Colon cancer screenings in Utah are down 50% since the beginning of the pandemic, according to Intermountain Healthcare. Because of this, physicians have seen a 15% rise in colon cancer cases.
During a press conference Wednesday, two Intermountain physicians expressed concern over those numbers and urged Utahns to refrain from delaying such screenings any longer.
“I think it’s just been overwhelming with everything going on with COVID,” said Dr. Nathan Merriman, a gastroenterologist with Intermountain. “There’s been a lot of postponement of screening, but with the drop in COVID patients, it is safe to come back and, in fact, I’m encouraging it, especially with this month being Colon Cancer Awareness Month.”
Merriman said many people were hesitant during the pandemic to go in for regular health screenings. He said some of his patients waited four to nine months with rectal bleeding before seeing their doctor.
“That is way too long to wait,” he said. “Some people are downplaying their symptoms. They’ll have persistent bleeding for months and they’ll just say, ‘Oh it’s probably hemorrhoids.’ And while a lot of people have hemorrhoids, persistent symptoms should always be evaluated.”
Dr. Mark Lewis, an Intermountain oncologist, said colon cancer is a largely preventable disease. By the time a patient gets to his office, the cancer has advanced.
“I am seeing a 15% increase of people at the later stages of colorectal cancer,” Lewis said. “If we can find this at the polyp level, you may never need to see an oncologist like myself — and I know for a fact, you don’t want to meet me in a professional setting.”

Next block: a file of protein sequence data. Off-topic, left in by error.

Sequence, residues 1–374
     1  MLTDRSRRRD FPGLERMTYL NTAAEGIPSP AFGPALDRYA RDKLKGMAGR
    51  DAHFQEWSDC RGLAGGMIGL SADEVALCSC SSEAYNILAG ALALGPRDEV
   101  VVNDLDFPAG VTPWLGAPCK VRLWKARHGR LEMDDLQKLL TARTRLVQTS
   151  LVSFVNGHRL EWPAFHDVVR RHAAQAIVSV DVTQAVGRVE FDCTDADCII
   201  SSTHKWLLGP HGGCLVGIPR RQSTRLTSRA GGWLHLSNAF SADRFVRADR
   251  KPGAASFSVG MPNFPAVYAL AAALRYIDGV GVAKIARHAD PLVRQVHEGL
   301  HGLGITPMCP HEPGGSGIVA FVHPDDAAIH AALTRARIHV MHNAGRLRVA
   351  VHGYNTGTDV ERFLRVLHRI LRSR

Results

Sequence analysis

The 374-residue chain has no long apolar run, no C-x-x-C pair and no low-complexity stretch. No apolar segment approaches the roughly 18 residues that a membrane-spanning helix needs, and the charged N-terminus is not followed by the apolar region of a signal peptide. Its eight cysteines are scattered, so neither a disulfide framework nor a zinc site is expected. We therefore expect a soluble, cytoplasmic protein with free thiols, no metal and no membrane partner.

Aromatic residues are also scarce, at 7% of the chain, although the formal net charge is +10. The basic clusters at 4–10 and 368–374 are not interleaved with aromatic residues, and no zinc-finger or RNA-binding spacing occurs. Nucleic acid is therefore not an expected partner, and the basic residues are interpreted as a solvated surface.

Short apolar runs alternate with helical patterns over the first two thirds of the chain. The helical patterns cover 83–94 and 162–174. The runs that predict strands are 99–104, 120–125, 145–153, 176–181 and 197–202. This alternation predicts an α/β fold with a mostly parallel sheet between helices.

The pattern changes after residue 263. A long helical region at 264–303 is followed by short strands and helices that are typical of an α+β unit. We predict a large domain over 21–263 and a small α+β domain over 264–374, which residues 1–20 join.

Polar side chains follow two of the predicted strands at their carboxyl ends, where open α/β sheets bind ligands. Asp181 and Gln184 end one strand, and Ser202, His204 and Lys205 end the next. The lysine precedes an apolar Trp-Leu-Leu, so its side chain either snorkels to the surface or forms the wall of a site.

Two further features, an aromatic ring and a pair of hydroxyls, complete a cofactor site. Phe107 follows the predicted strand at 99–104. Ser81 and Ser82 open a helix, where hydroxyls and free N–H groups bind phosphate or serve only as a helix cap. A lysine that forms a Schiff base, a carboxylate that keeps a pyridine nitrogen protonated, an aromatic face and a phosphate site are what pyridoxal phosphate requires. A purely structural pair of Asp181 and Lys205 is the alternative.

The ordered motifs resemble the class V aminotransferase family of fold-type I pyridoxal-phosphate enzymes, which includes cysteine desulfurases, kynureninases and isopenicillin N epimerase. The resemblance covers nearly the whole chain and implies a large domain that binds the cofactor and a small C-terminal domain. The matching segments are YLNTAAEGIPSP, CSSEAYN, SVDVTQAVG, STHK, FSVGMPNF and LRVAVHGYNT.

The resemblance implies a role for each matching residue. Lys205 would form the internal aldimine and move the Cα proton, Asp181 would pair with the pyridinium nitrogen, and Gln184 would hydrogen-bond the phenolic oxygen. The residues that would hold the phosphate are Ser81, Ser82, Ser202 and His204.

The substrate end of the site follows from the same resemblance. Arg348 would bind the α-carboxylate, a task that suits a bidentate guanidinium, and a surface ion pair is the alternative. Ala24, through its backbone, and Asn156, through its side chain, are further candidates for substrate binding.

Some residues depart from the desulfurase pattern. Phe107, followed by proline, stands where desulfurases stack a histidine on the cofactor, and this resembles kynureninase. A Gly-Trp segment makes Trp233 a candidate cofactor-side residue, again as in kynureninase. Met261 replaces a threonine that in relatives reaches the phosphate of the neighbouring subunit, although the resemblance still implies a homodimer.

Lewis said colon cancer is the third most common cancer overall and is one of the most deadly. However, it’s also one of the most preventable.
“Everybody has a colon but a lot of people don’t like to talk about the issue,” he said. “It’s really important for people to sit down and talk about their family history. I have to tell you how important it is to get through the discomfort and get to the truth. You want to know as much as possible what diseases run in your family including cancers in other organs. If you are a woman and you have a history of endometrial cancer, that matters a lot to us.”
Colon cancer symptoms can include rectal bleeding, narrowing of the stools, weight loss and abdominal pain, Lewis said. It is slightly more common in men and the African American community. There is also a theory that overuse of antibiotics during childhood could be a cause of colon cancer later in life. Risk factors include a family history of colon cancer, ulcerative colitis and inflammatory bowel disease.
“It’s very easy for us to assume benign causes, but I have seen too many cases of bleeding written off as nothing,” Lewis said. “As a society, we’re focused on weight, but I don’t like to see unintentional weight loss with abdominal pain. That’s a big red flag that something is wrong.”
Another reason people might delay getting a colonoscopy is the prep work, Merriman said.
“It’s probably the most challenging part,” Merriman said. “But we are always trying to improve it and I’ve had patients tell me it’s so much better than it used to be. It’s tolerable, not terrible.”
Merriman said he went into gastroenterology because it so largely focuses on preventive care.
“When I was 13 we had a fire in our house and it took the lives of both of my parents. My brother and I made it out. He was 11 and our parents were 38 and 39,” he said. “I’ve done a lot of work understanding how things happen and how we can do better and prevent tragedy. Both of my parents smoked. The fire was caused by an overturned ash tray.”
Merriman said if his parents hadn’t become addicted to smoking, they may be alive today.
“That’s what drives me. We have this amazing ability to prevent suffering by identifying polyps in the colon and removing them and preventing a cascade of cancer,” he said. “We need people to get in for their screenings beginning at age 45 if they are at average risk and if you’re not sure when you need to get in to get screened, ask for help.”